SoftN/ANoDiscrete, 1D
    Microassembly of magnetic
    components (33, 34, 45)
    Hard3DYesDiscrete, 3D
    Magnetic recording
    technology (46)
    Hard2DNoDiscrete, 1D
    Template-aided magnetizing
    (2931)
    Hard2DYesContinuum, 3D
    3D printing of ferromagnetic
    domains (35)
    Hard3DNoDiscrete, 2D
    This workHard2DNoDiscrete, 3D

    *Shape of media refers to the structure of the composite materials in which the magnetic particles are dispersed. 2D refers to planar structures, whereas 3D refers to solid 3D structures.

    †States of magnetization is defined as degrees of freedom related to the orientation of hard magnetic particles or preferred magnetic axes of soft magnetic particles in each area.

    • Table 2 Trajectory after results.

      Data were recorded with a 30-frames per s CMOS camera; each has no less than 10 cycles.

      TrajectoryFrequency
      (Hz)
      Path
      length
      (mm)
      RMS
      accuracy
      (mm)
      RMS
      precision
      (mm)
      T0.05611.78 ± 2.460.10 ± 0.14
      T0.5611.76 ± 2.420.10 ± 0.13
      Star0.05721.72 ± 2.600.08 ± 0.11
      Star0.2721.73 ± 2.490.62 ± 0.79

    Supplementary Materials

    • robotics.sciencemag.org/cgi/content/full/4/29/eaav4494/DC1

      Text S1. Manual material feeding for multilayer structures.

      Text S2. TWC analysis for magnetic swimmers.

      Text S3. Time required for fabricating a four-arm magnetic gripper.

      Text S4. Velocity of multi-legged paddle-crawling robot.

      Text S5. Turning motion of multi-legged paddle-crawling robot.

      Text S6. Magnetic dipole array model for calculating the distribution of magnetic flux.

      Text S7. Connection of hardware and flow of control signals.

      Text S8. Geometrical resolution of the custom UV lithography system.

      Text S9. Measurement of Young’s modulus of the material.

      Text S10. Magnitude of the magnetization developed by reorienting premagnetized particles.

      Fig. S1. Sequence diagram for patterning magnetization in a dual-layer structure.

      Fig. S2. Magnetization and dimensions of the devices fabricated.

      Fig. S3. TWC analysis of the deformation of type 1 swimmer at different magnetic field angles.

      Fig. S4. TWC analysis of the deformation of type 2 swimmer at different magnetic field angles.

      Fig. S5. TWC analysis of the deformation of type 3 swimmer at different magnetic field angles.

      Fig. S6. Velocity of the multi-legged robot crawling in silicone oil under a 1-Hz rotating magnetic field.

      Fig. S7. Velocity of the multi-legged robot swimming (drag-based paddling) at the interface of water and silicone oil under a 2-Hz rotating magnetic field.

      Fig. S8. Schematic representation of steering motion of the multi-legged paddle-crawling robot.

      Fig. S9. Schematic representation of the magnetic dipole array model.

      Fig. S10. Image of the physical apparatus.

      Fig. S11. Schematic representation of signal flow and hardware control.

      Fig. S12. Intensity profile of squares generated at the object plane.

      Fig. S13. Intensity profile of other shapes generated at the object plane.

      Fig. S14. Measurement of the stiffness of the material using a microforce sensor.

      Fig. S15. Electromagnetic coil system used for actuation.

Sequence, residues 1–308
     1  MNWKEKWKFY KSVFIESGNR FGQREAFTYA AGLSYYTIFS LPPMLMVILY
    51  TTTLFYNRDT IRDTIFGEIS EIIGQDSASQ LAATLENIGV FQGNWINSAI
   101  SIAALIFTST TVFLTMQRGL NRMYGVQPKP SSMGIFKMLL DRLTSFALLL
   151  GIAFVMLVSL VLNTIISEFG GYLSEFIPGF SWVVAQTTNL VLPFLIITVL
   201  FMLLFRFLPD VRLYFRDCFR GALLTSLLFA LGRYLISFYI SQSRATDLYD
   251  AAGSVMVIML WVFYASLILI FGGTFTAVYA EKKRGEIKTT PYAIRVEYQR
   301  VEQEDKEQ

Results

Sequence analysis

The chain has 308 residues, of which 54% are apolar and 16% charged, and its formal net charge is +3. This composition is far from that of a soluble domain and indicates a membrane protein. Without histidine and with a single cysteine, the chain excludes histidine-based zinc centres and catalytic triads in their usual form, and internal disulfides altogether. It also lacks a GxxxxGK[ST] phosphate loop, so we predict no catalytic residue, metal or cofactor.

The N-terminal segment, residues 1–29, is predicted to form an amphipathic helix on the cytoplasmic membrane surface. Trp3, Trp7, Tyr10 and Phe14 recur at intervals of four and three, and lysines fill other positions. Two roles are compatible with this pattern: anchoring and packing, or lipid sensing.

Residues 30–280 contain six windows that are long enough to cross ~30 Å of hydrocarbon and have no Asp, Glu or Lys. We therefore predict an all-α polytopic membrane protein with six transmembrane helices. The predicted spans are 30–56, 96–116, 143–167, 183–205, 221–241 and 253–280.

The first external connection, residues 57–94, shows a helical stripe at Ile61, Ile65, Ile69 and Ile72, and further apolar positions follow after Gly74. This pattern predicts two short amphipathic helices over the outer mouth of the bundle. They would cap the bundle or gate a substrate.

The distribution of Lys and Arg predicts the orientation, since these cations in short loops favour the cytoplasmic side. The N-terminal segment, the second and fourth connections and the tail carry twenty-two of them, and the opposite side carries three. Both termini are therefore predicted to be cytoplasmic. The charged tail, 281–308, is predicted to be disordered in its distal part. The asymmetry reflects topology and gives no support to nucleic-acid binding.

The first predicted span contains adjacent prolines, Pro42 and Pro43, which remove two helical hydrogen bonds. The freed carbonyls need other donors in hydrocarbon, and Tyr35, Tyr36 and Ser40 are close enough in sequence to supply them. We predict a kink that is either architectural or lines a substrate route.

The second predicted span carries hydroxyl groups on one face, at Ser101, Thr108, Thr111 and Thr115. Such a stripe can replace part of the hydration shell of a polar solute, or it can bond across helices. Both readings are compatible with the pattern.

Fig. S16. Distribution of magnetic flux observed at the near surface of the samples cured in different field strength.

      Table S1. Dimension, magnetization, and parameters obtained from TWC analysis.

      Table S2. Coefficient of first-order terms of the Fourier series in TWC analysis.

      Table S3. Dimensions of the sample used in Young’s modulus measurement.

      Movie S1 (.mp4 format). Fabrication procedure and demonstration of the microrobots.

    • Supplementary Materials

      The PDF file includes:

      • Text S1. Manual material feeding for multilayer structures.
      • Text S2. TWC analysis for magnetic swimmers.
      • Text S3. Time required for fabricating a four-arm magnetic gripper.
      • Text S4. Velocity of multi-legged paddle-crawling robot.
      • Text S5. Turning motion of multi-legged paddle-crawling robot.
      • Text S6. Magnetic dipole array model for calculating the distribution of magnetic flux.
      • Text S7. Connection of hardware and flow of control signals.
      • Text S8. Geometrical resolution of the custom UV lithography system.
      • Text S9. Measurement of Young’s modulus of the material.
      • Text S10. Magnitude of the magnetization developed by reorienting premagnetized particles.
      • Fig. S1. Sequence diagram for patterning magnetization in a dual-layer structure.
      • Fig. S2. Magnetization and dimensions of the devices fabricated.
      • Fig. S3. TWC analysis of the deformation of type 1 swimmer at different magnetic field angles.
      • Fig. S4. TWC analysis of the deformation of type 2 swimmer at different magnetic field angles.
      • Fig. S5. TWC analysis of the deformation of type 3 swimmer at different magnetic field angles.
      • Fig. S6. Velocity of the multi-legged robot crawling in silicone oil under a 1-Hz rotating magnetic field.
      • Fig. S7. Velocity of the multi-legged robot swimming (drag-based paddling) at the interface of water and silicone oil under a 2-Hz rotating magnetic field.
      • Fig. S8. Schematic representation of steering motion of the multi-legged paddle-crawling robot.
      • Fig. S9. Schematic representation of the magnetic dipole array model.
      • Fig. S10. Image of the physical apparatus.
      • Fig. S11. Schematic representation of signal flow and hardware control.
      • Fig. S12. Intensity profile of squares generated at the object plane.
      • Fig. S13. Intensity profile of other shapes generated at the object plane.
      • Fig. S14. Measurement of the stiffness of the material using a microforce sensor.
      • Fig. S15. Electromagnetic coil system used for actuation.
      • Fig. S16. Distribution of magnetic flux observed at the near surface of the samples cured in different field strength.
      • Table S1. Dimension, magnetization, and parameters obtained from TWC analysis.
      • Table S2. Coefficient of first-order terms of the Fourier series in TWC analysis.
      • Table S3. Dimensions of the sample used in Young’s modulus measurement.
      • Legend for movie S1

      Download PDF

      Other Supplementary Material for this manuscript includes the following:

      • Movie S1 (.mp4 format). Fabrication procedure and demonstration of the microrobots.

      Files in this Data Supplement: